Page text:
A couple weeks back, I wrote about a big catalytic event. The kind that changes your life forever. They’re super easy to spot in the rear view mirror, but often for me, hard to pinpoint in the moment.
But not this time.
I am, as of July 16, 2020, smack in the middle of a doozie.
And I know it.
It’s recently been brought to my attention that my daughter potentially has ADHD. While diving into the research, it’s also come to my attention that I HAVE ADHD.
For years I have experienced sensations and patterns that felt like ADHD, but I never sat down with the DSM-5 guidelines and checked all the boxes.
Yup. I definitely check off all the boxes.
I won’t get into all the nitty gritty right now, but I did want to share the most amazing thing I discovered.
People with ADHD have lower levels of dopamine than a typically wired brain, so they seek activities and distractions throughout the day that give them little “happy hormone” boosts.
When I'm not paying attention, I can fall into the not-so-healthy dopamine seeking bucket of scrolling through social media and eating gobs of sugar.
But if I start my day off right, I can set myself up for success with exercise in the morning, snuggle time with the kid and kitten, then scheduled sit spots and garden time throughout the day—all healthy ways to refill the dopamine tank.
Try this 15 min activity for the post lunch slump, to give you a shot of dopamine you need to get you through the day.
Go on a little wander, giving yourself permission to meander through your yard, garden, or other wild space.
Don’t have a specific destination in mind, instead, allow the wind to push you, or bird song to pull you, and simply follow a butterfly.
Before you begin, stand with your eyes closed for a moment and breathe.
Set your intention to be open and curious about the process.
Take the metaphorical blinders off and release anything that could potentially hold you back from truly experiencing flow.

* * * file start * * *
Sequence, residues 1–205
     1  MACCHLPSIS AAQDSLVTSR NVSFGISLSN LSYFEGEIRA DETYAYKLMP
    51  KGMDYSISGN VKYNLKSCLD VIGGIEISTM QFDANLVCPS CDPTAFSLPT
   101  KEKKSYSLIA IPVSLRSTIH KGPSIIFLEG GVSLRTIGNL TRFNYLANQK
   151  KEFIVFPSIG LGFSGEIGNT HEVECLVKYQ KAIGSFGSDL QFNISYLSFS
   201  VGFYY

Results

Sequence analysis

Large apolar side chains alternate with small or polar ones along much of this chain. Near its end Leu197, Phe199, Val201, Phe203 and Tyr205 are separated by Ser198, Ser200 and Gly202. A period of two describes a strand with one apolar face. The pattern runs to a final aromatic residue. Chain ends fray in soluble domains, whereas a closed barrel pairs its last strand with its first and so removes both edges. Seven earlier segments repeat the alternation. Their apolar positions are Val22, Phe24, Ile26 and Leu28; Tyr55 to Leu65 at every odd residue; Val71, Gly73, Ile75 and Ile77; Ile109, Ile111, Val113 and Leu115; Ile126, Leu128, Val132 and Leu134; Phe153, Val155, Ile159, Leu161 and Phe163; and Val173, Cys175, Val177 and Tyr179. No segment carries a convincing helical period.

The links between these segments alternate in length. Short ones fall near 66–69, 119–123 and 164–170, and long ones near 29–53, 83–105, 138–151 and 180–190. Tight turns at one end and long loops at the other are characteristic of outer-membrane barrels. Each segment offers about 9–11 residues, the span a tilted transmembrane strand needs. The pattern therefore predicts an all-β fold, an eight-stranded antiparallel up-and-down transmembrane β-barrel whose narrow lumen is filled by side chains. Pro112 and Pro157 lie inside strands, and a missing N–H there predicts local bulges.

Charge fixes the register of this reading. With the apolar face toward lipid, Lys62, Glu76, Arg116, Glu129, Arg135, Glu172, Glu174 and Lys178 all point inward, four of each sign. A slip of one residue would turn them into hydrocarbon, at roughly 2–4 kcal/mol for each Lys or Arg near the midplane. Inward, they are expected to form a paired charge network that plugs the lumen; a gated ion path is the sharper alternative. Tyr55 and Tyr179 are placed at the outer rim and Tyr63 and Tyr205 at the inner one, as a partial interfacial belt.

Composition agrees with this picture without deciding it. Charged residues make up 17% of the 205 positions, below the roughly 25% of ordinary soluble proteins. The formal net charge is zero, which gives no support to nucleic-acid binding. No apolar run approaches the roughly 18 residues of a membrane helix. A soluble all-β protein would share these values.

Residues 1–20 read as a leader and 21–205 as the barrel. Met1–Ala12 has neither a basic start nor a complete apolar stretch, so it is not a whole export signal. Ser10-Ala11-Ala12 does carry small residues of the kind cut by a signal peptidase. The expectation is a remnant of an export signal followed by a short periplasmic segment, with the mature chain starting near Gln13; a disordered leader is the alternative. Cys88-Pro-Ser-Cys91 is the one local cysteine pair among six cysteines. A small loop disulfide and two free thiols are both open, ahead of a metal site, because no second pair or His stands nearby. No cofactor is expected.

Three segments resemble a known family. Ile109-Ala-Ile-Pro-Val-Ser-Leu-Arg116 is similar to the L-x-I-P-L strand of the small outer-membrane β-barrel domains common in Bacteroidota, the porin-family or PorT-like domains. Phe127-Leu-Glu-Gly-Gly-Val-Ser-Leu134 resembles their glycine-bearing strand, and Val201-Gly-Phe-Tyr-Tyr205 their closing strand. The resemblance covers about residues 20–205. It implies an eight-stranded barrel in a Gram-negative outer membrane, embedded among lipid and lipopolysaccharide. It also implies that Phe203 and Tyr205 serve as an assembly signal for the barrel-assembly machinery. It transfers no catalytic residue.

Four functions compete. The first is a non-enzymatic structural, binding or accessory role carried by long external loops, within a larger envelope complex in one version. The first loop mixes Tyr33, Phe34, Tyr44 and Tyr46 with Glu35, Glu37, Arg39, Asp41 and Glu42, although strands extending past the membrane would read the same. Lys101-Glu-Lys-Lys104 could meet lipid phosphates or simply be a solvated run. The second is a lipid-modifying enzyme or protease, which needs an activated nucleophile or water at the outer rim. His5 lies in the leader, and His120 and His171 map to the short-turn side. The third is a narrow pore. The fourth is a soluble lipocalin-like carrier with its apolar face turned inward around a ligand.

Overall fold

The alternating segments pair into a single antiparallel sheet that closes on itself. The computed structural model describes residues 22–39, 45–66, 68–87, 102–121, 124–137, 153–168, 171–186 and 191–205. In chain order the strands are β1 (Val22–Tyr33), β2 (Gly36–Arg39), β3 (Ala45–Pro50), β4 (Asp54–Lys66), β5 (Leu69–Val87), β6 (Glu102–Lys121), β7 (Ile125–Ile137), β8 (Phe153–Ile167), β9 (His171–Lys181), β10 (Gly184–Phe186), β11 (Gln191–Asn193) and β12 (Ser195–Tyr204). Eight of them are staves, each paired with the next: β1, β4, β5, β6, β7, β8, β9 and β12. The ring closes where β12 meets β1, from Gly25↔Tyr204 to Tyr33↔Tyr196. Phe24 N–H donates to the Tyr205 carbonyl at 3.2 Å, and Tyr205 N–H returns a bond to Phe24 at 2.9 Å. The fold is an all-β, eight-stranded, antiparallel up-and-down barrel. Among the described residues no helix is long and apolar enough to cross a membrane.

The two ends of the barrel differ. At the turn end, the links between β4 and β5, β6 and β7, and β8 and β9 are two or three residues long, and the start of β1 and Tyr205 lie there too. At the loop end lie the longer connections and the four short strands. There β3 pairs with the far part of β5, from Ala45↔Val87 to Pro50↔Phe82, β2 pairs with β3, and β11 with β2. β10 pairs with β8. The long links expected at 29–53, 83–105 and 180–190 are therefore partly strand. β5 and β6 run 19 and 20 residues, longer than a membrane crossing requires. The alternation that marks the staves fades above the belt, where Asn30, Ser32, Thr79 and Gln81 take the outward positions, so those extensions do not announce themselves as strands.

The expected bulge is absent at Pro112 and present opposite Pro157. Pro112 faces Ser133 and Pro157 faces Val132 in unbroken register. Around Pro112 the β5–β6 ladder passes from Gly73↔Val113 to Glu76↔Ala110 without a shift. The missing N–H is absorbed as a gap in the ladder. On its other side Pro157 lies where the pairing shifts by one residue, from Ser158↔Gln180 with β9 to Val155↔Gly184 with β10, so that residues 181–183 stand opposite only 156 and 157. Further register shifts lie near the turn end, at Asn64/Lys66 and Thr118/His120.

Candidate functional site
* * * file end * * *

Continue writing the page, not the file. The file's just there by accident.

Then open your eyes and slowly, be on your way.
Engage with all your senses.
What do the bark of different trees feel like?
How many shades of green do you notice?
Literally stop and smell the flowers!
Talk to the beings you meet on the way.
Thank the pollinators for following their original instructions.
Introduce yourself to the trees or sing the birds a song for a change.
Do whatever feels right!
If you can, leave your phone or a watch at home, unless, of course you have a commitment you can’t be late for.
Pay close attention to how you feel afterwards. If you feel calmer and uplifted, tuck this little tool in your box of "things things that make me feel better", so you'll always have it at your fingertips.
I’d love to hear about your experience! Feel free to post in our Facebook Group Homecoming.
Photo by Vero Photoart on Unsplash
When the constant pursuit to do more leads to overwhelm and anxiety, it’s easy to find yourself feeling disconnected, exhausted, and paralyzed in indecision. For over 15 years, Lynn has been mentoring people through a nature-oriented framework that allows them to reclaim a sense of connection, peace, and purpose.